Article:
A franchise business will work on its intended lines when both the franchisor and franchisee work as they had planned to. If this planning is vague, there is bound to be confusion and misunderstandings despite the best of intentions on both sides. Every broad matter or fine detail of carrying out the business must be defined in clear and unambiguous terms. Whether it is about the schedule of investments to be made and project deadlines or a matter of daily reporting and format of reporting, nothing should be left to assumptions. Another reason to be particular about the standards of performance is that the roles and responsibilities are going to be carried out by the operations executives. Even if the CEOs might have agreed on how the execution must take place; the employees of both the organizations must also know and be provided with the guidelines and resources to be able to do so. A franchise agreement may not cover the operational details but it can secure the commitment of both the franchisor and franchisee in ensuring that the agreed SOPs (Standard Operating Procedures) will be followed. However, the broad and significant matters must find a place in the franchise agreement with utmost clarity and precision.
- Commitment to non-disclosure
The importance of business data and tons of other working information needs no separate highlight. Not to disclose business data and information of a company you are working with to outsiders or insiders who should have no concern for such information is considered one of the fine standards of professionalism. In franchising, two businesses and their employees have to work on data and information that are vital for one another. It is the professional responsibility of both parties to ensure the privacy of such data and information. As an instance, unfortunate, but sometimes the delivery executives of some eCommerce companies ask for phone numbers of customers at the time of order delivery. There is absolutely no need for them to be doing that because they can call the customer over their app (the call gets redirected and the customer’s phone number is not displayed to the delivery executive).
- Exit and termination
Well, not every franchising deal works out as intended. We hear only the success stories. The good part is that it can be done without making things uglier. Here, we are talking about exiting or terminating a franchise agreement. There could be so many reasons for both the franchisor and the franchisee that the franchise business may not work out as either or both have planned. As long as the reason is satisfactory and prudent to common sense, both parties can plan a way to terminate the franchise on certain pre-agreed terms and conditions in the event of such a need ever arising. The franchise agreement can also cover the conditions under which either or both parties can invoke the termination. The purpose of such planning is to make the exit easier for both parties. Even if there are complications in executing the planned exit process, the franchise agreement can also mention the jurisdiction under which the case would be tried for a resolution.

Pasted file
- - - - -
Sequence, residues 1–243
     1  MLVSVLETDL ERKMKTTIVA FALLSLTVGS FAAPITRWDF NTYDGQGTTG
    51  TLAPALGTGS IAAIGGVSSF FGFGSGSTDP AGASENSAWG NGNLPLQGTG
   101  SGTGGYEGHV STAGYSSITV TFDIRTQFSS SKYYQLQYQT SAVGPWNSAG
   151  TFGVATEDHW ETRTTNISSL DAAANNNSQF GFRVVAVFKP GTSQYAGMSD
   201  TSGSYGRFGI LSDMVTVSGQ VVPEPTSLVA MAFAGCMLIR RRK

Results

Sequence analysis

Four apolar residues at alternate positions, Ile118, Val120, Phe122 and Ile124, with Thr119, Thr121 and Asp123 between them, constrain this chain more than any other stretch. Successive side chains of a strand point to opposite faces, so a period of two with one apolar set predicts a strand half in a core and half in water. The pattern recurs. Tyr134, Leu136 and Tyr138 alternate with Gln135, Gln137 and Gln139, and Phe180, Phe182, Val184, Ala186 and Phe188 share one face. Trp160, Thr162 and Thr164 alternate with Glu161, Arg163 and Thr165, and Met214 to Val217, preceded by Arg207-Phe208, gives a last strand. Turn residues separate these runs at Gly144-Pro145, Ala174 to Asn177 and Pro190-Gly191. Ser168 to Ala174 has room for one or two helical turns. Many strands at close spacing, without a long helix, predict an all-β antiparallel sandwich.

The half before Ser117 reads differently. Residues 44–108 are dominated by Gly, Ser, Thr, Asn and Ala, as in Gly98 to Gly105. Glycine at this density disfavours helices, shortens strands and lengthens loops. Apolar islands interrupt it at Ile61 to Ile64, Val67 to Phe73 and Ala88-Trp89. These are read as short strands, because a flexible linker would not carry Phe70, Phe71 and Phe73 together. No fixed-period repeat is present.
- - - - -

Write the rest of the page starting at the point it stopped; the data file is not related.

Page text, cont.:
Why DFX to develop the Franchise Agreement?
With 8+ years of service in the field of franchising consulting, DFX (Digital Finance Experts) helps franchisors and franchisees establish a robust foundation of their franchise business across verticals. Our expert franchising business consultants carry out the necessary financial assessments and projections required to validate the franchise expansion strategy with a comprehensive franchise business plan. Our team works towards ensuring that the necessary financial considerations find their due place and recognition in the franchise agreement and are not compromised by other conditions. In simple words, our team of franchise business consultants will work towards ensuring that your financial priorities in the franchise business remain integrated into the franchise agreement.
Franchise businesses are made bound by legal contracts and agreements. It outlines the working arrangement, responsibilities and many other important features like division of management, operational control, duration and timelines, exit routes, profit and revenue sharing, reporting, audits, training support, asset-sharing, privacy and confidentiality, dispute management, etc. This module will shed light on this critical aspect of franchising.
20 - 35 days.
Step 01 - Request for Quote
Step 02 - Service Quote Finalization along with SLA (Service Level Agreement)
Step 03 - DFX Experts start working on your business
Always humans, never bots.